Sunday, November 8, 2009

Remembrance Day, 2009

November 11, Remembrance Day, 2009

James Wilfred Elliott
Regimental Number 908082
195th Battalion
Canadian Expeditionary Force

Dear Uncle Wilfred,

I wrote you last over a year ago, and a lot has happened since then, or perhaps very little has happened, but I wanted to bring you up to date, and as a matter of fact, I wanted to get a lot of this off my chest, so you're the guy I'm writing to; it would be you I'd want to tell this to in person.

I was rummaging through my files with respect to Remembrance Day and this blog (the purpose of which is to document "an attempt to extract public information from the Department of National Defence"), and found your enlistment certificate... well as the citation for your Military Medal, which speaks for itself...

...and the unique and irreplaceable trench map showing where you were wounded during the Battle for Hill 70 at Lens, France...

And, just to be clear why I'm doing all this, it was because of alarming statements by people like Rick Hillier former chief of the Defence Staff, a little like General Arthur Currie, who apparently spoke for large parts of the Canadian government (Rick, not Arthur), when he said:

"These are detestable murderers and scumbags. They detest our freedoms, they detest our society, they detest our liberties." -- Hillier on July 14, 2005, on Osama bin Laden and Islamist terrorists in general. He added: "We're not the public service of Canada. We're not just another department. We are the Canadian Forces, and our job is to be able to kill people. "

I don't think Arthur Currie spoke like this, however. Or maybe he did. But in Rick's world the enemy is "they", whoever "they" are, and the solution is to kill them. What about the Sikh terrorists in Surrey, the guys who organized the Air India bombing? I haven't noticed Rick invading Surrey, or perhaps more to the point, the Indian Army invading Surrey, arresting citizens who resist them, or killing them as "insurgents", and dropping prisoners off at the Surrey Pre-trial Detention Centre. I'm sure I'd rather be in Surrey than in the Sarpoza Central slammer in Kandahar, but you see my point. Somehow, it's as if the entire 20th century's sorry history of industrialized warfare had ceased to exist for Rick, and with it the attempts of many people to make sure it happened less and less - meaning international law like the Geneva Conventions - and for Rick the whole thing comes down to "good guys", "bad guys", and brute force, all of which worked so well in Vietnam. And as a matter of fact, the Canadian armed forces are a branch of the public service of Canada. They've got weapons, but so does the RCMP, as we know.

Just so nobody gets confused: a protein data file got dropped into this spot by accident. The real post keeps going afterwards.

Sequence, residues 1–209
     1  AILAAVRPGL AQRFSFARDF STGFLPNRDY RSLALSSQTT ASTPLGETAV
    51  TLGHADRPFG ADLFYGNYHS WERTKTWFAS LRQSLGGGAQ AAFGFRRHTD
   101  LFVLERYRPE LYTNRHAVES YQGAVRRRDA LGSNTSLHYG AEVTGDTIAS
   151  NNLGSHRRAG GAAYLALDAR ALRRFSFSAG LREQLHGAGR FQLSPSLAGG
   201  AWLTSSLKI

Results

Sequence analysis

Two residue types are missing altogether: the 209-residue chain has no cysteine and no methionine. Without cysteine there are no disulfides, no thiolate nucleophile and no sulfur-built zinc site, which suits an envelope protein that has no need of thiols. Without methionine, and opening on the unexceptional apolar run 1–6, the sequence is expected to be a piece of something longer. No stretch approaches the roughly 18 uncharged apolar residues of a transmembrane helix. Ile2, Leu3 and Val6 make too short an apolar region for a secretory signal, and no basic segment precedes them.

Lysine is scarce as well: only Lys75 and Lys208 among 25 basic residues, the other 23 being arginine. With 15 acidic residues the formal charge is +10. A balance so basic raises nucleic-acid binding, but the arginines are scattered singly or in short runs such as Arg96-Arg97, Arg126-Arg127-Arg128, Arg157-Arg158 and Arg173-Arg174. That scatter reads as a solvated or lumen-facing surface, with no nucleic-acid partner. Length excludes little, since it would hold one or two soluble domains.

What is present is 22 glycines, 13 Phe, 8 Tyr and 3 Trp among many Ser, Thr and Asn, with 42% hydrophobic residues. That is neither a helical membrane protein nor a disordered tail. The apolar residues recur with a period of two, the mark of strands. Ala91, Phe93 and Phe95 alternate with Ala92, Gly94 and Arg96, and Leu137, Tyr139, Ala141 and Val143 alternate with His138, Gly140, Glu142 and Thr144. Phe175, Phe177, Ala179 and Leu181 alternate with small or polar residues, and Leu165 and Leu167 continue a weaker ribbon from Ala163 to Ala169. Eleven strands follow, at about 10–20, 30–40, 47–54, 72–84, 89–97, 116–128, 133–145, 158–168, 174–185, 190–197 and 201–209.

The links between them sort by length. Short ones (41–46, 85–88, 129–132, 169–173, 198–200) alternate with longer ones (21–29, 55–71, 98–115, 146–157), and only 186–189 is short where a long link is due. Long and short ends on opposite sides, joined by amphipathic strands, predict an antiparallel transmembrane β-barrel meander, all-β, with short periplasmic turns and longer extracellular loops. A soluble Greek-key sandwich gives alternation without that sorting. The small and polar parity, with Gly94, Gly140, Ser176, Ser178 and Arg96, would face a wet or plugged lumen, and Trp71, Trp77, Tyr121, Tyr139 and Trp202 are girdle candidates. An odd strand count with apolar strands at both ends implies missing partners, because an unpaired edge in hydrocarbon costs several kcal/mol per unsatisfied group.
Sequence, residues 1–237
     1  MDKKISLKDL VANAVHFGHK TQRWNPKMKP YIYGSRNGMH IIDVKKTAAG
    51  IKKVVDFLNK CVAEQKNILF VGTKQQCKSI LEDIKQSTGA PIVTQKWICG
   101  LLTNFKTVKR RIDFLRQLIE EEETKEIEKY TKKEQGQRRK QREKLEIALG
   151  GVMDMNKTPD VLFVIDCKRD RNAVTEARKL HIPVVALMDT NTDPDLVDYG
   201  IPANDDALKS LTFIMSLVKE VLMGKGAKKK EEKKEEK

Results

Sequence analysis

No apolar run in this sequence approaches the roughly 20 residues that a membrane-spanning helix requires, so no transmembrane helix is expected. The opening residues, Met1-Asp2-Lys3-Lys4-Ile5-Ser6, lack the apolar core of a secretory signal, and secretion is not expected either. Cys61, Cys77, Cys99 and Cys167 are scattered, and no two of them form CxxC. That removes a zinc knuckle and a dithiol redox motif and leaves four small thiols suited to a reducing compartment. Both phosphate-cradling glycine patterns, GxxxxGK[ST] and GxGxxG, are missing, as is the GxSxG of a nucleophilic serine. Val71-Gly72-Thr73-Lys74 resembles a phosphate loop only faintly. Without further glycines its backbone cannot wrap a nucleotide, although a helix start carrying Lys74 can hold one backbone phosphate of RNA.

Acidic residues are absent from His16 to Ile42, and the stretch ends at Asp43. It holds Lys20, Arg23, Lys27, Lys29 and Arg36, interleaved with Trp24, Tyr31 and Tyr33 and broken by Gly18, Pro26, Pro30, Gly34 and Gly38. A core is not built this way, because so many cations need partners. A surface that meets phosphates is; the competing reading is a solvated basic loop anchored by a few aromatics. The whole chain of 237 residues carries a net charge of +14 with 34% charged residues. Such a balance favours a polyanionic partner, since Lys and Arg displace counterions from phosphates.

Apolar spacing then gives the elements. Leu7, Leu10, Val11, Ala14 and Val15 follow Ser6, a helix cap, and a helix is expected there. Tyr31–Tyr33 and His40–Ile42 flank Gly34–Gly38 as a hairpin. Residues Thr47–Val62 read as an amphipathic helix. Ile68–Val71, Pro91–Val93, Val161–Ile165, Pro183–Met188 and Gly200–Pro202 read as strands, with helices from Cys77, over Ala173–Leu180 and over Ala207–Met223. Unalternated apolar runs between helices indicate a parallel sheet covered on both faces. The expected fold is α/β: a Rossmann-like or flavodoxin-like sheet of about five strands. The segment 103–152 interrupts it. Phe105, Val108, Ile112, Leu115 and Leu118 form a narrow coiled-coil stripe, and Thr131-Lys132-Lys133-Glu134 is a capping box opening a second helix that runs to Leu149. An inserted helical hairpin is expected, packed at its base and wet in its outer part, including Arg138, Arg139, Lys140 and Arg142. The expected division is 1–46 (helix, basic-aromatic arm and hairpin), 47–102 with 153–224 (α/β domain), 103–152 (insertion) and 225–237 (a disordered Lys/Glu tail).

But if Rick was surprised by the reaction to his thoughts on killing people in war, he seemed equally surprised by the thought that Canadians might also take prisoners - I would have thought this was pretty obvious. As it turns out - and I don't think you have to be an international lawyer to know this, Wilfred - you can't shoot prisoners of war out of hand. Since I'm a Canadian citizen and responsible in my own way for what my government does, like I was apparently responsible for the crime committed against Maher Arar by the government, the bill for which came to about $25 million, with no government official ever having to account for any of it, I went so far as to ask Rick what had happened to prisoners in Afghanistan, just in case handing them over to Afghan "authorities" was, as it seemed to be, a war crime committed on my behalf.

The question was part of a memo asking several other questions, like "What is the Mission in Afghanistan and how will we know when it's over?" and "Is Afghanistan's central government legitimate?", questions that seem, weirdly, still around over three years later. "International affairs", which we have to be very secretive about so as not to disturb anybody, seem to move at about the same pace as the redaction guys in the basement of National Defence, which is to say you wait a long time for a snow job, but I'll get back to that in a moment. Anyway, the questions I put to Rick were as follows:

"I read that the International Committee of the Red Cross is very impressed at how Canadian troops record their prisoner handovers to Afghan "authorities", but where does the trail lead after that Rick? There is some pretty horrific evidence about what Americans regard as "interrogation" that doesn't exactly fit the Geneva Conventions, and went on at Bagram Air Force Base, not to mention Guantanamo, and what guarantees are there that the prisoners taken by Canadian forces (prisoners, Rick, not "detainees") will not end up in American prisons through the well known process of "rendition". And by the way Rick, where are the records of these prisoners kept, meaning the Canadian records?"

I'm not saying all this is due to one guy. Paul Martin is implicated for sure, backing up Hillier:

"Then there was a recent incident involving Canada’s top military official, General Rick Hillier. Our troops are now in southern Afghanistan, and what they are likely to encounter, Hillier publicly dubbed “detestable murderers and scumbags [Taliban]…They detest our freedoms, they detest our society, they detest our liberties.” Members of the Polaris Institute, a left-leaning foreign affairs think tank asked the General’s remarks be clarified. This was rejected. And PM Martin went farther, defending Hillier, saying “The point he [Hillier] is simply making is we are at war with terrorism and we're not going to let them win” [citations in this paragraph appear in “‘Murderous Scumbag’ Shot Par for the Course for New Defence Chief; No Reprimand,” by Stephen Thorne, CP, 15 July 2005. Posted at]."